People have been studying spillovers and the emergence of novel viruses for a long time and have been saying that a pandemic like this was inevitable. So what did we do wrong on a national or international level?
    What things did we do right, or what things did we adequately prepare for during this pandemic? 
    What are the ways in which we’ve made scientific progress or the ways in which the world has fundamentally changed that have allowed this pandemic to play out differently than it could have 20 years ago? 
    Can you talk us through some of the nuance in the interactions between commercial wildlife markets, spillover events, and wildlife hunting for subsistence purposes?
    How predictable are spillover events themselves? Or perhaps, how predictable are the scenarios that would increase risks for spillover and how predictable are the events that follow?
    Since another spillover event could happen at almost any time, what measures do we have in place to prevent these events from turning into another pandemic? Where does wildlife and forest conservation fit into this equation? 
    Pandemic preparedness and pandemic response are two different things. How do these two aspects of dealing with a pandemic differ and who is involved in each of these efforts?
    What are people who study this the most concerned about when it comes to the next pandemic? What are the areas in which we still have big improvements to make in how we prepare for or predict or try to prevent pandemics based on what we’ve learned during this one?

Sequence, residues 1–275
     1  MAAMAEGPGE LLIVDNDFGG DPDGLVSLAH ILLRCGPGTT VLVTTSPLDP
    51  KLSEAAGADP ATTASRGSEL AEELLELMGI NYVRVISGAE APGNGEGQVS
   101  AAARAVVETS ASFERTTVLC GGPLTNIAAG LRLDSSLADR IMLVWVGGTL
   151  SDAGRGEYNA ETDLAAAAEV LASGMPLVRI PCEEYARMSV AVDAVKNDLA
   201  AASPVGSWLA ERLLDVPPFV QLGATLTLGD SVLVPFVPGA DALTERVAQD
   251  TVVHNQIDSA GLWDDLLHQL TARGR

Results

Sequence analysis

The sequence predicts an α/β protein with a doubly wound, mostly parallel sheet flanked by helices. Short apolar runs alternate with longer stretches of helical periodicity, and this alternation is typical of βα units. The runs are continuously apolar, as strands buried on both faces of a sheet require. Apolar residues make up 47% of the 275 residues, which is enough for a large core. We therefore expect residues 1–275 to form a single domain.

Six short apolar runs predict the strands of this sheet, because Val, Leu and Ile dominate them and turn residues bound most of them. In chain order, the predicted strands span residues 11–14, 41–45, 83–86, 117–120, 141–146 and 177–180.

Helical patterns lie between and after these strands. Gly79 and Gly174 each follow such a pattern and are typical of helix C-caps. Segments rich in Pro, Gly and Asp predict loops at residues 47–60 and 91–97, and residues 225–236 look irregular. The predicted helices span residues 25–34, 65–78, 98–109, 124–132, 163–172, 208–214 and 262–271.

What do you hope we keep or learn from this pandemic, either personally or as a society?

    See omnystudio.com/listener for privacy information.

    Ep 72 White-Nose Syndrome: How deep is your torpor?

    Ep 72 White-Nose Syndrome: How deep is your torpor?

    A fluffy white fungus and a little brown bat. A deafening silence and an uncertain future. In this episode, we explore one of the most devastating wildlife diseases in recent times, white-nose syndrome. Since its debut in North America in 2006, this fungal pathogen has spread across much of the continent, leaving millions of dead bats in its wake. Why is it so deadly? Which bats are at risk? Where did it come from? And most importantly, what can we do about it? We attempt to answer these questions and more about this pernicious pathogen, and we are so delighted to be joined by Dr. Winifred Frick, Chief Scientist at Bat Conservation International and Associate Research Professor at UC Santa Cruz, who helps us take a closer look at the ecology and impact of this disease on North American bat populations.